small blue flowers


Into the Valley

Here's the second of my posts with a geographical bent for this month, and rather than going into the deep and hidden meanings of what a valley means lyrically, I'm just going to write a little bit about one of my favourite artists. It's kind of geographical in another way in that this guy was brought up in Dunfermline, not far from where I lived in my teenage years. I'm talking about Stuart Adamson founder member of The Skids, Big Country and then in the 90's The Raphaels.

I can't exactly remember when I first saw Big Country live, but it was probably around 1986/87. I saw them in Glasgow, Edinburgh and once in their hometown of Dunfermline. That gig proved to be a bit embarrassing, as in our naivety we phoned the venue to ask if there was a dress code. The venue said shirt and tie. We scrambled to borrow our fathers' ill-fitting clothes and turned up to find noone else wearing said garments. I guess we made someone happy. Gig was fantastic though. I'd loved them since their first album The Crossing came out in 1983 and although they'd had a couple of singles beforehand, In A Big Country was the first single that grabbed me. I always remember there being a huge rivalry at school between fans of Big Country and fans of Marillion as to who was the best. It seems silly now, but then it was a huge deal. Stuart Adamson left the slow punk of The Skids behind and formed Big Country in 1981. Essentially he was the driving force behind both bands, The Skids quite literally living up to their name after he left.

Big Country followed The Crossing with Steeltown and The Seer, where for me they began to lose it. Peace in Our Time gave a brief glimpse of what they had been, all bagpipe guitars and swirling hooks peppered with Celtic lyrical imagery. But then I gave up. I noticed they had albums out but was never tempted to by them, except for some strange feeling of guilt at abandoning a long-loved artist. Their 1999 album Driving to Damascus (John Wayne's Dream in the USA) dragged me back kicking and screaming after hearing the single Fragile Thing, with Eddie Reader. It was/is a cracking album, but failed commercially. For Stuart Adamson this was a blow, which led him into depression. A disappearance and reports of alcohol abuse followed (he had signed the pledge on Live Aid day in 1985). He tried to restart his career with the country-rock band The Raphaels, but his demons remained and after another disappearance in 2001 he was found hanged in a hotel room in Honolulu.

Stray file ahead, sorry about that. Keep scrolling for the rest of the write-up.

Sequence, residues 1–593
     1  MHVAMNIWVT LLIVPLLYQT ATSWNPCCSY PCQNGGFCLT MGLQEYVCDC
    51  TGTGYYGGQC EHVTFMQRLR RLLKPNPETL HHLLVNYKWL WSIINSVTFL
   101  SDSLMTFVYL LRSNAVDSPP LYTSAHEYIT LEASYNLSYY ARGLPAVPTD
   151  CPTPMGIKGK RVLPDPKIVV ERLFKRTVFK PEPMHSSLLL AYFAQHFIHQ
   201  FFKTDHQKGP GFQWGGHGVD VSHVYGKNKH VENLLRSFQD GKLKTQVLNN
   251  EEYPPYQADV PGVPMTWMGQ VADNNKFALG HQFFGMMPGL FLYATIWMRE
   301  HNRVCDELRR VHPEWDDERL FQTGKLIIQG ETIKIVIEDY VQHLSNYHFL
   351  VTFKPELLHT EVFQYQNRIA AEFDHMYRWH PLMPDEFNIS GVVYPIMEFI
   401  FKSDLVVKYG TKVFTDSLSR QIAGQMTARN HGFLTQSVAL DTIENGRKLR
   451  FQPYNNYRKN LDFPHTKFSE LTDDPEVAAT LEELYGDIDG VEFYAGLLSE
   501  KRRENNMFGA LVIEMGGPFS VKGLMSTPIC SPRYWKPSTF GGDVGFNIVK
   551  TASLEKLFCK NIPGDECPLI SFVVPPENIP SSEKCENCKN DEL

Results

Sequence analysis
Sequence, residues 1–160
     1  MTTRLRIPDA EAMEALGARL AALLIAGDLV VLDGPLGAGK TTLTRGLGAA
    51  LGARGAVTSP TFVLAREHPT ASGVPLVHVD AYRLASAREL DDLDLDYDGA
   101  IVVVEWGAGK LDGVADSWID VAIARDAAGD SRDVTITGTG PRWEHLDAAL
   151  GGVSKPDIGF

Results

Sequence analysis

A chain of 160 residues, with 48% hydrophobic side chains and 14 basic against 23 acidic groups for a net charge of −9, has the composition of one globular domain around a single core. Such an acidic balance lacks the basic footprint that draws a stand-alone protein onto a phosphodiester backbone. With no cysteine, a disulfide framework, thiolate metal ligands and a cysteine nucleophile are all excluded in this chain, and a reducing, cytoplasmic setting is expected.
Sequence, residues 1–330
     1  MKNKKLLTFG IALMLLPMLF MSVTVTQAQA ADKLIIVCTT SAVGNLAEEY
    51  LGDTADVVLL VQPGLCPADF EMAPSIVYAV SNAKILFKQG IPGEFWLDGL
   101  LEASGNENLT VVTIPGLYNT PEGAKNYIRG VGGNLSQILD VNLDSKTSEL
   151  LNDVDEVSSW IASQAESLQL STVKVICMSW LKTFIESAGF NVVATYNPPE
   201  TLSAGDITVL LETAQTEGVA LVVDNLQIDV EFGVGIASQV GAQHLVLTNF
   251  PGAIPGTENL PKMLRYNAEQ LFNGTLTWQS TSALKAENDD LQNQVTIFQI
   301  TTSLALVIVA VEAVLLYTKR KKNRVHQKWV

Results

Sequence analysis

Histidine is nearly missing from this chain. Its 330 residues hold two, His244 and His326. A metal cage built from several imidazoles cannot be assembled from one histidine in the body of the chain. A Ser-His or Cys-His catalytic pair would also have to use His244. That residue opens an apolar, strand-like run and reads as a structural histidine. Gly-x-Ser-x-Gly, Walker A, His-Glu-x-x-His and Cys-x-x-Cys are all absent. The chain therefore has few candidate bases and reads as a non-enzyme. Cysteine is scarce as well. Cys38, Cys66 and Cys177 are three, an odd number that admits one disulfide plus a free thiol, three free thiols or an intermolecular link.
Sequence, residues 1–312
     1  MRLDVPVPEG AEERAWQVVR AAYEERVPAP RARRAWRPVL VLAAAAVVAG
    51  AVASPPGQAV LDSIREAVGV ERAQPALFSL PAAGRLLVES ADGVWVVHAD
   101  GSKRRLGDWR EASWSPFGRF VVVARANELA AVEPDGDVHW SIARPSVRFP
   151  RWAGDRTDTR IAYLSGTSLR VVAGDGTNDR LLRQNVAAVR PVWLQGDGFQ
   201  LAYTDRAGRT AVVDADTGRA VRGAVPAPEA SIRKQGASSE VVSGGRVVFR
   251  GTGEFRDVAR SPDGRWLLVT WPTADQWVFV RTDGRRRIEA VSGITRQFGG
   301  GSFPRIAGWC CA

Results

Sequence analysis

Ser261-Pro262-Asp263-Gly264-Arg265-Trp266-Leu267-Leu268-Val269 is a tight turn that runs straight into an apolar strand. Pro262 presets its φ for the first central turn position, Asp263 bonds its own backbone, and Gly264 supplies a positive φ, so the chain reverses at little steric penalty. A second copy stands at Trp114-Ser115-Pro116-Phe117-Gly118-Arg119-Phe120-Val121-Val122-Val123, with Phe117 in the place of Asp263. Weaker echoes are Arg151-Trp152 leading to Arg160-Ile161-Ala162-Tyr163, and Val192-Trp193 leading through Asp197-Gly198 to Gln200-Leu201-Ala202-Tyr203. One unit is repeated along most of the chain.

I find the whole story tragic. A man who had so much to live for and music to give, pulled down by depression, alcohol and his inner demons. I guess it's not unique, but for me it's close to home. One of my favourite anecdotes about Stuart Adamson following his death was this. (and I paraphrase) When Stuart met you and talked to you he didn't ask "What do you do? Where do you live?" he wanted to find out who you were, what your thoughts were, why you felt like that. He looked deeper than the surface, which is all most of us do, and was genuinely interested in people.

That struck a real chord with me and it's something I try to do whenever I can. Smalltalk sucks so bad sometimes, wouldn't it be great if we actually gave a shit about how other people feel? Maybe we'd learn something.

mp3: The Skids - Into the Valley

mp3: Big Country - Broken Heart (thirteen valleys)

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